“Penelope, Penelope,” she cried, “come here; leave thou thy loom and away with me. See how the flowers bloom! Dost thou not smell the perfume? Hearken to the music and the beat of many feet upon the green-sward! Penelope, Penelope, come on, come on! ”

“Who art thou?” asked the maiden. “My name is Pleasure I pour delights into the heart, and my presence is like new wine in the veins. Come with me, Penelope; haste thee, for I must away.”

“Nay, nay, go thy Way,” cried Penelope; “I go not with thee, lest he for whom I watch and wait come and find me not.”

“For whom dost thou wait day after day, Penelope, while thy sisters dance on the green-sward and make merry with their lovers?”

“I Wait for Love,” answered the maiden.

Then Pleasure laughed long and loudly, and the echo of her laugh came back from cliff and cave and greenwood tree, hollow and mocking.

“Weave on, thou fool,” cried Pleasure. “Thou waitest for a phantom, a shadow; it never was or never will be.”

But Penelope looked out to sea, and shaded her eyes with her hand. The waves danced in the sunlight, and the little white clouds came down to kiss them, and floated back again into the blue. She saw nothing else.

“Ho, ho, maiden fair! why sittest all alone weaving, when each maiden has found a mate upon the green-sward or under the spreading trees of the forest? ” And a knight in costly armor reined in his fiery steed and stood beside the maiden as she wove the gold and silver threads into her web of beauty.

“I am Penelope, sir, and I wait all the day long for him who will one day come and call for me.”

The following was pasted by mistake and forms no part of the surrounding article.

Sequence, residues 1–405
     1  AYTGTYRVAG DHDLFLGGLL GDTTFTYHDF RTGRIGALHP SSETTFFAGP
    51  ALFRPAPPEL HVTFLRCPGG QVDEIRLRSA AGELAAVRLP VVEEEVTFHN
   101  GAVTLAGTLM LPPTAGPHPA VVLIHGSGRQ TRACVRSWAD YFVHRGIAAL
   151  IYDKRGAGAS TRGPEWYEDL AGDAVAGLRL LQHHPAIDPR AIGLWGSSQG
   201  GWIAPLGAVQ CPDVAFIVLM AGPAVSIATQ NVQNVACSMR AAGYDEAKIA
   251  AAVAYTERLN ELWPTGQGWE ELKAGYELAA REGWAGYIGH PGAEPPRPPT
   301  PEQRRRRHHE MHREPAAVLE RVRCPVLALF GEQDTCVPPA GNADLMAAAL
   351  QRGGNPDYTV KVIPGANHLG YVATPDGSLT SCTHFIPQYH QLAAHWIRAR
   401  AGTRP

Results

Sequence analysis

“What is his name, maiden?”

And the maiden answered, “His name is Love."

“Poor maid I” said the knight, “and art thou so deluded? Knowest thou not that Love is dead? He died long, long ago. Thy sisters know it, and see, they grasp the living, the real, the tangible. Come with me, maiden. Leave thy endless web. My name is Wealth. I am king of all men. I will cover thee with jewels, and robe thee with the finest silk. Thou shalt dwell in marble palaces, and servants and slaves shall do thy bidding. Come away with me, fair one. See, there is room on my faithful steed for two.”

But Penelope only shook her head and looked out to sea.

“Foolish Penelope! Mad Penelope! ” the maidens said as they passed her. “Why dost thou not take what is offered thee? He whom thou waitest for will never come."

But Penelope made answer, “ I will wait for Love. Go ye your ways.”

Penelope, arise! There is a speck far, far out at sea! Shade now thine eyes with thine hands and look, for it is coming nearer and nearer to the shore! Come forth now, Penelope, for his keel has touched the sand, and he stands looking for thee, and he cries, “I have come for one who waits, and has waited long for me. Where is she?”

And his voice is low and sweet and strong, and when the maiden hears it she hesitates no longer, but, rising from her loom, she goes forth to meet him with joy, saying to him, ”I am Penelope!”

They walked together hand in hand along the sea-shore, for they had much to tell each other. And as they walked with the great Light of Love upon their faces, and the pure joy of Love welling up within their hearts, the Lust of the Flesh passed by, and lo! his limbs tottered and his palsied hands shook as they grasped the staff he leaned upon.

Behind him came Pleasure. Her silken robe was torn and bedraggled, the flowers in her hair were withered and dead, her jewels dim and colorless, and her head drooped as she Walked.

After them came wealth—or he who was one time called so—and lo! he walked in rags, his feet were torn and bleeding, and he beat his hand upon his bosom, crying aloud.

Love drew Penelope very near to him.

She smiled, and said, “I am so glad I waited!”

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Lily L. Allen

  • Born on December 30th, 1867 at Burrishoole, Eire
  • Wife of author James Allen
  • Wrote many books of her own